“I have lots of stuff to say about how to make improvements in our workplace and I work at a job where we have regular meetings where employees are encouraged to share this kind of feedback. But there’s one problem. I’m not an aggressive personality type and I don’t like to argue and I feel like my opinions quickly get dismissed because of minor objections that I’m not aggressive enough to respond to. This is mostly because other people are louder than me. What can I do?”
Regardless of whether you are a good arguer or not, this question from an Office Hours listener is relatable for many young people in the workplace. What’s the solution?
Speak to your audience
First, you have to know your audience. Whenever you are giving a message, offering feedback, or making any kind of statement, there are people in the room that are part of the audience you want to reach. There are also people that aren’t a part of the audience you want to reach.
Sometimes the loudest, most difficult people to deal with are the people that you aren’t interested in reaching anyway. But those people have the alluring ability to drag you into distracting sideshow discussions that have nothing to do with you moving your agenda forward. The solution? Don’t pay attention to them. Talk to the people who you are trying to reach.
Tap into the power of questions
Secondly, ask questions. People who are disagreeable and aggressive can be very easy to deal with once you tap into the power of questions.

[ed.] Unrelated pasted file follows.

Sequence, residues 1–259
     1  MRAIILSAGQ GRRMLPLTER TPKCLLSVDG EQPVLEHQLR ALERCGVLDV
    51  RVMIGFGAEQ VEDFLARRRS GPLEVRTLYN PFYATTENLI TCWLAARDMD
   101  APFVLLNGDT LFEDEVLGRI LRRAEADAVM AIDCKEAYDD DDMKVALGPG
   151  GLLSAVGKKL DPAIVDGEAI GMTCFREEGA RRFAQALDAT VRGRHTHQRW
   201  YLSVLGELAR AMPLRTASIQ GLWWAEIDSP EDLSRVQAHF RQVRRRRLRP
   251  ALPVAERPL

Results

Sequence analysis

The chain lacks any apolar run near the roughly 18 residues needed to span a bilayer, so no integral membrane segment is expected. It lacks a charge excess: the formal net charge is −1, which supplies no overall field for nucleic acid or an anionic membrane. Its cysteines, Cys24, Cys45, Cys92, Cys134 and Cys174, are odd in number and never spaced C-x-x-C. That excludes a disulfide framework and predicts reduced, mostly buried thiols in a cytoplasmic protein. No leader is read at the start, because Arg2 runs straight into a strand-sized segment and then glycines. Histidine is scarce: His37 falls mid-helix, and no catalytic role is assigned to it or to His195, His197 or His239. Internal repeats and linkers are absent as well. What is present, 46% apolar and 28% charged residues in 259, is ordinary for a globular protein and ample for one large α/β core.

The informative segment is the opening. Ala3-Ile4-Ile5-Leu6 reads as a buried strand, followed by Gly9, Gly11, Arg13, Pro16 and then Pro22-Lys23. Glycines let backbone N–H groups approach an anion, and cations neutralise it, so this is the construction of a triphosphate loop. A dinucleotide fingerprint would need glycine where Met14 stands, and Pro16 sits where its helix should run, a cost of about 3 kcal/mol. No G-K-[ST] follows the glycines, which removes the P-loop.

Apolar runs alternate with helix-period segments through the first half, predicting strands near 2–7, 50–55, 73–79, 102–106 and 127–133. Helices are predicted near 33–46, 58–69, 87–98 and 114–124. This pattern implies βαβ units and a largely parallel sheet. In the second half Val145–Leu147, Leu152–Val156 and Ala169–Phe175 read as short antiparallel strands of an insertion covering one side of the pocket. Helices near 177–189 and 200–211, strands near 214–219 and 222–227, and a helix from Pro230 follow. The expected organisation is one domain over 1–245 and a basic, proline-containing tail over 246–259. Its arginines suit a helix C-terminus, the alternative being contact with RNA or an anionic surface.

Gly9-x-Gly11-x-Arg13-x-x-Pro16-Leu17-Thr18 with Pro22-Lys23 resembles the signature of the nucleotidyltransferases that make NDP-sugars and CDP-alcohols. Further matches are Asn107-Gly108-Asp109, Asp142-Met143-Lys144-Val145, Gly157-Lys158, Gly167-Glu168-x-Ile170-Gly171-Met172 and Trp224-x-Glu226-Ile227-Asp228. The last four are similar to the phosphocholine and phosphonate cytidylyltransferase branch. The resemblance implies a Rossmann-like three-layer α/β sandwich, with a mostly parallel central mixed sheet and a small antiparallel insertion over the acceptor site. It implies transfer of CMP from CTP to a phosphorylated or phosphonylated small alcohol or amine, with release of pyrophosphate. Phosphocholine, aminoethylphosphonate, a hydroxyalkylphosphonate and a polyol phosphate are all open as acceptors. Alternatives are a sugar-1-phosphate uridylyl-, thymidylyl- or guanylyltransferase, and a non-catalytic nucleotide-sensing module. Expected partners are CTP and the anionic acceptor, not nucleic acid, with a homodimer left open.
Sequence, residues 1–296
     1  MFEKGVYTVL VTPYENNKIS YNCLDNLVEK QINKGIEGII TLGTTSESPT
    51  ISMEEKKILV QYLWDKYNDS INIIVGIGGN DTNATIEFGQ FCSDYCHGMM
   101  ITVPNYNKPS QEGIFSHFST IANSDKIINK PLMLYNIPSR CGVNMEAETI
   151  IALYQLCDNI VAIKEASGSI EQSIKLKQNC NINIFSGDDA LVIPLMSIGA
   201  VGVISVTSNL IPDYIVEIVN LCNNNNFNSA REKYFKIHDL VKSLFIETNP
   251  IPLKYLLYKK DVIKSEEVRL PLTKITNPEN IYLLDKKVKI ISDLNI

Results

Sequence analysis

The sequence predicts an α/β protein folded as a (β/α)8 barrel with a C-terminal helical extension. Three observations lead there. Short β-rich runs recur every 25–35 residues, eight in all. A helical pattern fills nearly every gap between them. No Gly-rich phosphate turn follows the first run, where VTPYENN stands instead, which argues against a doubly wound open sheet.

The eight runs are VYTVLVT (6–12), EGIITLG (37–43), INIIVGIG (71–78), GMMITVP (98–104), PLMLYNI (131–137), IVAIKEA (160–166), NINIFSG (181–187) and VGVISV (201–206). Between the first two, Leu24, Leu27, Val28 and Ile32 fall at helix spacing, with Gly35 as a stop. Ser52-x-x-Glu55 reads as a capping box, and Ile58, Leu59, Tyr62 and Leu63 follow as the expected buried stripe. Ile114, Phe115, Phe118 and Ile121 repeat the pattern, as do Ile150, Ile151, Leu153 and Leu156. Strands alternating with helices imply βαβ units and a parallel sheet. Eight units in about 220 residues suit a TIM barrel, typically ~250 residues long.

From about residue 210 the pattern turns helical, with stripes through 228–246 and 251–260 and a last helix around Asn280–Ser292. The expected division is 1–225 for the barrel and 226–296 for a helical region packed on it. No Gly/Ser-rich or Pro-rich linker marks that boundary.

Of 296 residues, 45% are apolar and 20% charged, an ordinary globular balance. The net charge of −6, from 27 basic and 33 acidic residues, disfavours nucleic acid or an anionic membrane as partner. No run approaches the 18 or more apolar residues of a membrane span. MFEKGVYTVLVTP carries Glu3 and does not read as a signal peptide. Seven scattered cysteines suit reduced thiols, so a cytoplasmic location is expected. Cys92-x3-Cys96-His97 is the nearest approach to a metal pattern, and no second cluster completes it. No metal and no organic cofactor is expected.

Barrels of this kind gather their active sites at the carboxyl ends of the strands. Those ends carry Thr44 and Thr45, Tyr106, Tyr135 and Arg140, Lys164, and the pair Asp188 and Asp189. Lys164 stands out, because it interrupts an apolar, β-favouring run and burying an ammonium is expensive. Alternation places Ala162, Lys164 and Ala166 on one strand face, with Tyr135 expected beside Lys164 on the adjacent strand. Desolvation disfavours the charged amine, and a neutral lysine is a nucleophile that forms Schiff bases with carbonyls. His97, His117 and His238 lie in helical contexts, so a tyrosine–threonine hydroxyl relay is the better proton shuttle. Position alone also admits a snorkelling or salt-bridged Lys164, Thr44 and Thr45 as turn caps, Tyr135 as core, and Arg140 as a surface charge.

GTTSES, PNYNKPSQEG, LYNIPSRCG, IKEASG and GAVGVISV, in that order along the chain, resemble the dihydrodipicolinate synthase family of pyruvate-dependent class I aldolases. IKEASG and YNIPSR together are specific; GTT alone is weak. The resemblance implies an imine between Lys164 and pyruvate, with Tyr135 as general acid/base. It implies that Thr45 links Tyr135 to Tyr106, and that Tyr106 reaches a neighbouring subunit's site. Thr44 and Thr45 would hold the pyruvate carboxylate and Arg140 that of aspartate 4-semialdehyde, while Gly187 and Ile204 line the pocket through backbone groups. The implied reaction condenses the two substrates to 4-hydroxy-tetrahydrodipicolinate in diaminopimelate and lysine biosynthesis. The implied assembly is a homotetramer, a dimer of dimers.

Say you have an idea that you put out there and someone jumps all over it. You feel like you can’t be as loud as that person and you can’t make any objections to them. Step back and do to them what you would love for them to do to you. Ask them questions. Why do you think this? What would you say to this objection? Take everything you already believe and put it to them in the form of a question. Since everyone loves to talk about their ideas and defend them against objections, they will go on and on about the subject. But your idea is on the table and got a lot of discussion, just by using the power of questions.
Improve your ideas and how you present them
Another way to deal with this situation is to never give yourself an out. Don’t automatically assume that your idea is good and that people just don’t want to understand because someone jumps all over it and disagrees with it in a way that might strike you as rude. No matter how mean or selfish people are, if your idea can make their lives better, they don’t hate you enough to dismiss that idea. When people reject you and your ideas, take it as a personal challenge to improve your ability to sell your ideas in a way that makes people want to listen.
Show, don’t tell
Finally, anytime you can, change a ‘we should’ into a ‘I did’ or an ‘I will’. If you have a suggestion for something that could be done differently, do it and present that. Have a better way to make a landing page? Do it and show people the result. If you aren’t a naturally good arguer, show them your ideas whenever possible, don’t tell them.
This post is based on the October 24 episode of the Office Hours podcast. Want to get more actionable insights on how to take charge of your life and career? Subscribe now.